In May 2008, as the opioid epidemic was raging in America, a representative of the nation’s largest manufacturer of opioid pain pills sent an email to a client at a wholesale drug distributor in Ohio.
Victor Borelli, a national account manager for Mallinckrodt, told Steve Cochrane, the vice president of sales for KeySource Medical, to check his inventories and “[i]f you are low, order more. If you are okay, order a little more, Capesce?”
Then Borelli joked, “destroy this email. . .Is that really possible? Oh Well. . .”
Previously, Borelli used the phrase “ship, ship, ship” to describe his job.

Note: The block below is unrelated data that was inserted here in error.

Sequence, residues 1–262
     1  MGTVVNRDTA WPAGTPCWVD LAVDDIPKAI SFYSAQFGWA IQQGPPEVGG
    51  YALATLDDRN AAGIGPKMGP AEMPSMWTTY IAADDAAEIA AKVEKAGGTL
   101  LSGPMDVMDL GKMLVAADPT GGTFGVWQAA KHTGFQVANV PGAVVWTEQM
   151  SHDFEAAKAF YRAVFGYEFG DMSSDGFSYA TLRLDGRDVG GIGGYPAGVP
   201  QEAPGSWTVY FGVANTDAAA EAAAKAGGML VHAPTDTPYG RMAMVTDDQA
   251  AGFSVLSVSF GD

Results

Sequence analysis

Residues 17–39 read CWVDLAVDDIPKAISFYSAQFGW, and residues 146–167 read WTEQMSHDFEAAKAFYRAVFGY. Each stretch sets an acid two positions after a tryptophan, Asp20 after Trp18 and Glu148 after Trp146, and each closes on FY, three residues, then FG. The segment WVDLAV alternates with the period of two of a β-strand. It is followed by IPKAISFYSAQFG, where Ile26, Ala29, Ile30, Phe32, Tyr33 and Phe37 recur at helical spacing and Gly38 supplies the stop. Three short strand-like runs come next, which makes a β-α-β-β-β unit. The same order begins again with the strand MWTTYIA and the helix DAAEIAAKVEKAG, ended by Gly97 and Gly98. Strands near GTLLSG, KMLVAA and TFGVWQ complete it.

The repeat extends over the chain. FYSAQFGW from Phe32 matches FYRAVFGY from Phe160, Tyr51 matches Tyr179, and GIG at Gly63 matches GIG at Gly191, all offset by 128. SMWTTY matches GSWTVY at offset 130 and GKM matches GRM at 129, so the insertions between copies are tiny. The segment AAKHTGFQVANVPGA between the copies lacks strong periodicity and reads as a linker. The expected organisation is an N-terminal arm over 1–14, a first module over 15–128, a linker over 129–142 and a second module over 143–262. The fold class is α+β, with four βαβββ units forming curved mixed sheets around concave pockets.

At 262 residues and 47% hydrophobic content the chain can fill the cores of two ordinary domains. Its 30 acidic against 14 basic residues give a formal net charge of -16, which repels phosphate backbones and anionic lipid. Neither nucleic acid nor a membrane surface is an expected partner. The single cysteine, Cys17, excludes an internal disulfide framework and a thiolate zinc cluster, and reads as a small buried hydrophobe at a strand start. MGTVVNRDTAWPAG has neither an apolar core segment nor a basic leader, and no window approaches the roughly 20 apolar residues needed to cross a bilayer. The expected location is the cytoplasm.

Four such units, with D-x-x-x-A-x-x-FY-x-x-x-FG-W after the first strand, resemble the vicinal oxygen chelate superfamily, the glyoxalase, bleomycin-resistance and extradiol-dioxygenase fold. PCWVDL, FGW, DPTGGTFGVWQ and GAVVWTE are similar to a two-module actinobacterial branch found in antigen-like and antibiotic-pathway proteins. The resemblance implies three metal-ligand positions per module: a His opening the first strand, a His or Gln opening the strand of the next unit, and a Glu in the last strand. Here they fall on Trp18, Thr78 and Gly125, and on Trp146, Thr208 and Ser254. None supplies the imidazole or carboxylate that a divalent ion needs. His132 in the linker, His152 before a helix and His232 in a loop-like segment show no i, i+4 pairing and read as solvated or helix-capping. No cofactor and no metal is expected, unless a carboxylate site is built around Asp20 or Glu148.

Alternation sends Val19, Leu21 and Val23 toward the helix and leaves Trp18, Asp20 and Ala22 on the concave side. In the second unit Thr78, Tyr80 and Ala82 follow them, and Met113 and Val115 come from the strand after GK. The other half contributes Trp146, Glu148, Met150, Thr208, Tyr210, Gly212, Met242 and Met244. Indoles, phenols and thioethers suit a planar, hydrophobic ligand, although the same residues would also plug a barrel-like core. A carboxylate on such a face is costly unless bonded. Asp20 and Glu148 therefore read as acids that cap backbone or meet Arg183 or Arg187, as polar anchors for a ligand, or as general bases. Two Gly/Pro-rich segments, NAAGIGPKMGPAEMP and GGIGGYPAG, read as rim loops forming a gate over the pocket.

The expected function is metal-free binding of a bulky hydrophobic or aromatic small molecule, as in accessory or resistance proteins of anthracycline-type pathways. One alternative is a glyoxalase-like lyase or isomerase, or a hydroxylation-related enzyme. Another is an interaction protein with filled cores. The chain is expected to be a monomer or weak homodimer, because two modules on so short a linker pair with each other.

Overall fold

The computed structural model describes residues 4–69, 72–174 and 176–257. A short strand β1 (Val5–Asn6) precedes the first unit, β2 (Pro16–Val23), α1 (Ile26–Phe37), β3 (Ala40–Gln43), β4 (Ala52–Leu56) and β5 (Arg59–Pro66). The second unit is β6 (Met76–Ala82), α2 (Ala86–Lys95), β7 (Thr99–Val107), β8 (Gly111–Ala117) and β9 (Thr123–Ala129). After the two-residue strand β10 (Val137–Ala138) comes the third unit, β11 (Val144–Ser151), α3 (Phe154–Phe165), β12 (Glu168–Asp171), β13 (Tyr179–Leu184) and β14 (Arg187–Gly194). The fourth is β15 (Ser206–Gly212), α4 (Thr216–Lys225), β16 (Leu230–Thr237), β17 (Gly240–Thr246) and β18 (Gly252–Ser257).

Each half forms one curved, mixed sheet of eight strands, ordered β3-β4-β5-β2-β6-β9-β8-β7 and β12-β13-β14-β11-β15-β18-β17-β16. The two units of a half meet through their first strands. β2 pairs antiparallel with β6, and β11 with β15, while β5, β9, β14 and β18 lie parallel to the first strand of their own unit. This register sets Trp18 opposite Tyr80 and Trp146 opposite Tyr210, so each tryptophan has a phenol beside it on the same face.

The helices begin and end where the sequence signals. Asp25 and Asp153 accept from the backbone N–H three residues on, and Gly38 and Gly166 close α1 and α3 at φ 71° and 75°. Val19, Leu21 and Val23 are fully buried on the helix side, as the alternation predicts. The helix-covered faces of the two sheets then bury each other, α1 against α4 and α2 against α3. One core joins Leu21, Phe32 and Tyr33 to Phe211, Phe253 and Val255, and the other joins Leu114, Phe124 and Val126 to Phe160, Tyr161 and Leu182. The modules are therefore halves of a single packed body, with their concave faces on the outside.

Those email excerpts are quoted in a 144-page plaintiffs’ filing along with thousands of pages of documents unsealed by a judge’s order Friday in a landmark case in Cleveland against many of the largest companies in the drug industry. A Drug Enforcement Administration database released earlier in the week revealed that the companies had inundated the nation with 76 billion oxycodone and hydrocodone pills from 2006 through 2012. Nearly 2,000 cities, counties and towns are alleging that the companies knowingly flooded their communities with opioids, fueling an epidemic that has killed more than 200,000 since 1996.